At Saint Laurent, he proved himself an independent thinker and a risk-taker with a visionary perspective on design and desire. He appointed Hedi Slimane as creative director, luring him back to fashion after a five-year hiatus as a photographer. He backed Slimane’s controversial decision to drop the “Yves” from Saint Laurent’s brand name, a move that was viewed as sacrilege in some fashion quarters. He also allowed the designer to base himself in Los Angeles not Paris, which ruffled a few French fashion feathers. His take on Saint Laurent’s legacy was equally radical.

Rather than kowtow to the formidable archive of the founder, his idea was to base the new Saint Laurent identity on “the spirit and the intentions that reigned over the creation of Saint Laurent Rive Gauche in 1966: principles of youth, freedom and modernity”, which effectively gave Slimane carte blanche to reinvent the brand for the 21st century without getting bogged down in the past. The result? Saint Laurent sales are significantly up.

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A first look at the Google Car! No driver? NO CHANCE!

Reports in the United States suggest that the ultimate goal of the self-driving car project is to create a “robo-taxi” that picks up commuters on demand. Company executives believe that such a system could transform transport systems around the world, doing away with the need for most people to buy cars. They also believe that it would reduce the number of road accidents as well as having environmental benefits.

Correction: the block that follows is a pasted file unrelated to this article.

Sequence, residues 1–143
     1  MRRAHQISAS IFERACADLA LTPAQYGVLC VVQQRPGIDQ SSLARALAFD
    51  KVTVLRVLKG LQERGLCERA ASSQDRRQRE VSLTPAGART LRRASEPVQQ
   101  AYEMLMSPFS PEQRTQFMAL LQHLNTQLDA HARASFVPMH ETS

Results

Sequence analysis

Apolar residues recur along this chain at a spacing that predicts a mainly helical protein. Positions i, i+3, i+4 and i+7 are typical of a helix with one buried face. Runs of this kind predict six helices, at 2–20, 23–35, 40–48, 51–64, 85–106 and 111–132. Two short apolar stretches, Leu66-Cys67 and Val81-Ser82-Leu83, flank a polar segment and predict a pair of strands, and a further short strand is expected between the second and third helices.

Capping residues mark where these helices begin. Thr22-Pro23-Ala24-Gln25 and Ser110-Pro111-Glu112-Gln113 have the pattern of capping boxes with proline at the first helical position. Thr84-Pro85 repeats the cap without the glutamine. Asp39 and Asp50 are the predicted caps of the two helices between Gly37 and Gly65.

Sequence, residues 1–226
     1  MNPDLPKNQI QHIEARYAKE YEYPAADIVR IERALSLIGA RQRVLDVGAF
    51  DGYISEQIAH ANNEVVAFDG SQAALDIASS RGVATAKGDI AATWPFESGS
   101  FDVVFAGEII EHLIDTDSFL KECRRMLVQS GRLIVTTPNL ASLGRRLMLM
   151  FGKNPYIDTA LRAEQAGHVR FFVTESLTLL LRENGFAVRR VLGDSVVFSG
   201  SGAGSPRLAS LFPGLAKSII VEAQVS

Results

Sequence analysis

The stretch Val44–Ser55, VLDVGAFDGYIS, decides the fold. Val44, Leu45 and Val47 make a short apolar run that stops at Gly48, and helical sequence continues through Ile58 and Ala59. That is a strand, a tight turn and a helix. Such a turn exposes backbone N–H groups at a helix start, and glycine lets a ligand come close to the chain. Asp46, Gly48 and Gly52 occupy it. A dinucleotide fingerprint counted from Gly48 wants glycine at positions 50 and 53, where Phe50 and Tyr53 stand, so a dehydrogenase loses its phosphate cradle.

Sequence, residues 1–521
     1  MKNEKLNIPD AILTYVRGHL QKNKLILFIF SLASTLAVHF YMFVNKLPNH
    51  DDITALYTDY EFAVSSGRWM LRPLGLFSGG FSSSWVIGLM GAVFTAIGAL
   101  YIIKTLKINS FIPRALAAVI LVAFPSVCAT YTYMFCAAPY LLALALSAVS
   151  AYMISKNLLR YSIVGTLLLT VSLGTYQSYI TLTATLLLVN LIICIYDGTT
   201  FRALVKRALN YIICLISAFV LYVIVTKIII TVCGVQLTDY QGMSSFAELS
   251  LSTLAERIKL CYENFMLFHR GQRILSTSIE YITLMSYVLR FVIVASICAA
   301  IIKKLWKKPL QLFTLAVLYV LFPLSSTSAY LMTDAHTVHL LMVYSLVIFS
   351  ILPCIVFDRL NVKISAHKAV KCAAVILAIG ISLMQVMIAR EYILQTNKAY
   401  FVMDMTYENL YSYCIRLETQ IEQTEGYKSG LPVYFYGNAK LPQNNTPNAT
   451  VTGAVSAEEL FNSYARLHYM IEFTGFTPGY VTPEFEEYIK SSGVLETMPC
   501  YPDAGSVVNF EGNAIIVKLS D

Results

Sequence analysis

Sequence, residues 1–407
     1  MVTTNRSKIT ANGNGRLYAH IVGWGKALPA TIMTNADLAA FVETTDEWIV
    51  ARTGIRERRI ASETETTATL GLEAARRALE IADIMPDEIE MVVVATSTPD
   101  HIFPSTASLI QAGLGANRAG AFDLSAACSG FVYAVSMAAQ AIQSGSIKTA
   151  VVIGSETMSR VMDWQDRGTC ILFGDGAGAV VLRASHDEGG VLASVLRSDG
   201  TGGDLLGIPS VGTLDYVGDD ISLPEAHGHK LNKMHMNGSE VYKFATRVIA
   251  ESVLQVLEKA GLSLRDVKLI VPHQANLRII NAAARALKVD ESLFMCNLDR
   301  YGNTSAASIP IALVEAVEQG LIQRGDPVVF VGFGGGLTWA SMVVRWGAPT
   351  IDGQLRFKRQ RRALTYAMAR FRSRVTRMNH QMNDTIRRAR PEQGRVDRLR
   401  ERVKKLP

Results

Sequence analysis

Automated taxis have long been the stuff of science fiction, such as the robot-operated “Johnny Cab” that featured in the 1990 blockbuster Total Recall.

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Google vs Apple – Round two goes to Google!

“The price that most developers will pick is free,” said Steve Jobs, late co-founder of Apple, when he launched a store for iPhone applications in 2008. Apple and software developers had “exactly the same interest, which is to get as many apps out in front of as many iPhone users as possible,” he said.

Five years later, the gadget goliath has proved there is money to be made in shunting out goods for nothing. Since its inception, more than 50bn apps have been downloaded by iPhone and iPad owners, generating $9bn (£5.8bn) for software engineers. Apple, which takes a 30% cut of all paid-for applications, has pocketed $3.9bn.